Forgot Password
Pentax Camera Forums Home
 

Reply
Show Printable Version Search this Thread
04-19-2013, 01:11 AM - 1 Like   #106
Veteran Member




Join Date: Oct 2007
Location: France
Photos: Albums
Posts: 804
QuoteOriginally posted by dosdan Quote
That used to be a problem in old designs. But with modern micro-lenses, the fill factor is quite large. FF can also be improved with a hexagonal sensel shape and staggered arrangement in the array. This has been done in the past.

Dan.
Right; The most modern design now is back illuminated sensor. You have a description here :
Back-illuminated sensor - Wikipedia, the free encyclopedia
Please note, that according to this source, 90 % of photons are gathered in this design. I don't think there is an application in APS-C sensor now, only for small sensors. Anyway with the presence of the bayer filters that select only one of the 3 primary colors, only 33 % of the light hit the detector.
And despite the fact that the light can be seen as a wave, Einstein has demonstrate that the power of the electromagnetic wave is transported by quantums of energy called photons. As I wrote, the best detector can only transform 1 photon into 1 electron, and this is the physical limit that will prevent performance improvement on high iso. Don't forget that moore law applies to microprocessors, not sensor. And even on microprocessors, when transistors will be so small that the will deal with a very limited number of electrons, moore law will not be applicable anymore.

04-19-2013, 03:21 AM   #107
Pentaxian
dosdan's Avatar

Join Date: Dec 2007
Location: Brisbane, Australia
Photos: Gallery | Albums
Posts: 1,699
QuoteOriginally posted by goubejp Quote
Right; The most modern design now is back illuminated sensor.

BSI is mainly useful for overcoming the sensel optical cross-talk & light loss caused by the narrow, deep stack depth occurring in a small-sensel sensor (e.g. high MP on small sensors like mobile phone cameras).

http://www.imagesensors.org/Past%20Workshops/2011%20Workshop/2011%20Papers/R...Comparison.pdf

At this stage is not worthwhile for the relatively large sensels of current DSLRs (3.9-7.2Ám). As well as mobile phones, it is used in some small-sensel (<2Ám) MILC's e.g. the Pentax Q & Q10, and some P&S cameras e.g. Canon SX260 HS. (Probably more - I'm a bit rusty with the current P&S scene.)

Dan.
04-19-2013, 03:25 AM   #108
Site Supporter
Aristophanes's Avatar

Join Date: Jul 2008
Location: Dartmouth, Nova Scotia
Photos: Albums
Posts: 3,922
QuoteOriginally posted by Sol Invictus Quote
I think this is a halo product. Sigma doesn't necessarily need to move a lot of units. It's there to draw attention to Sigma and display what their engineers are capable of.
Huge and expensive = Halo?!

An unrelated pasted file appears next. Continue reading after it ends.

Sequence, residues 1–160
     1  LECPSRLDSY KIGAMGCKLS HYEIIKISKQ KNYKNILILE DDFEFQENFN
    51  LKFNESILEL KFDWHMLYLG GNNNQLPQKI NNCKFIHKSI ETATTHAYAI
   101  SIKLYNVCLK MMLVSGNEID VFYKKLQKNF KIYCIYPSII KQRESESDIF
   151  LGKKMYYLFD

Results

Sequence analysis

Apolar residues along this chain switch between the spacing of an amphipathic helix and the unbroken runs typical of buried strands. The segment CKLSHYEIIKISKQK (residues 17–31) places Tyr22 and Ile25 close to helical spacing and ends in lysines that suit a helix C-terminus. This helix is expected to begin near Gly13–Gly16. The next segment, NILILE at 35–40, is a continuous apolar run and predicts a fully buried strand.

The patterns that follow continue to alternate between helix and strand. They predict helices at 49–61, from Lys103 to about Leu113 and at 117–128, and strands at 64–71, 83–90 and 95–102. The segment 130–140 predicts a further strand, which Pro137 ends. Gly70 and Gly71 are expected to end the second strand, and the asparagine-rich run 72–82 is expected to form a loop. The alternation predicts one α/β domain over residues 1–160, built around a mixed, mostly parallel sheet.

It's like saying the other guy has a bigger urinal.
04-19-2013, 05:29 AM   #109
Veteran Member




Join Date: Oct 2007
Location: France
Photos: Albums
Posts: 804
QuoteOriginally posted by dosdan Quote
BSI is mainly useful for overcoming the sensel optical cross-talk & light loss caused by the narrow, deep stack depth occurring in a small-sensel sensor (e.g. high MP on small sensors like mobile phone cameras).

http://www.imagesensors.org/Past%20Workshops/2011%20Workshop/2011%20Papers/R...Comparison.pdf

At this stage is not worthwhile for the relatively large sensels of current DSLRs (3.9-7.2Ám). As well as mobile phones, it is used in some small-sensel (<2Ám) MILC's e.g. the Pentax Q & Q10, and some P&S cameras e.g. Canon SX260 HS. (Probably more - I'm a bit rusty with the current P&S scene.)

Dan.
I have understood that there are technical issues to produce large backlit sensors; but the principle of backlit sensor can be applied to aps-C and full frame too, as the principle is to avoid loosing incoming photons stopped by wiring, this is an issue also on aps-C sensor as pixel count increases. Have a look on this article :
How back-illuminated sensors work, and why they’re the future of digital photography | ExtremeTech
There is a recent rumour that canon has published a patent for large aps-c and ff backlit sensors Patent Publication No. 2012-15275
sensor

04-19-2013, 05:48 AM   #110
Veteran Member
jsherman999's Avatar

Join Date: Dec 2007
Photos: Gallery
Posts: 8,228
QuoteOriginally posted by Aristophanes Quote
Huge and expensive = Halo?!

.
Except you just described the 645D, which is considered a Halo product.
04-19-2013, 06:11 AM   #111
Site Supporter
Aristophanes's Avatar

Join Date: Jul 2008
Location: Dartmouth, Nova Scotia
Photos: Albums
Posts: 3,922
QuoteOriginally posted by jsherman999 Quote
Except you just described the 645D, which is considered a Halo product.
But the 645D uses a much larger sensor. This Sigma is an APS-C beast at FF size. Maybe Sigma's engineers pulled off the obvious, but marketing is on an illegal substance.

Halo is when Lexus made the first upscale SUV. This is more like the Pontiac Aztec of lenses...and no deal either.

04-19-2013, 06:50 AM   #112
Veteran Member
Sol Invictus's Avatar

Join Date: Aug 2011
Location: Calgary, Alberta
Photos: Gallery
Posts: 392
QuoteOriginally posted by Aristophanes Quote
But the 645D uses a much larger sensor. This Sigma is an APS-C beast at FF size. Maybe Sigma's engineers pulled off the obvious, but marketing is on an illegal substance.

Halo is when Lexus made the first upscale SUV. This is more like the Pontiac Aztec of lenses...and no deal either.
This is the first 1.8 constant aperture zoom ever! Something no one has bothered to do before. Not Canon, not Nikon and not Pentax. I have no idea if this will sell well but as someone upthread mentioned, it's roughly the size of the Sigma 85mm with the hood attached. Not everyone is obsessed with the absolute smallest size, especially dSLR shooters.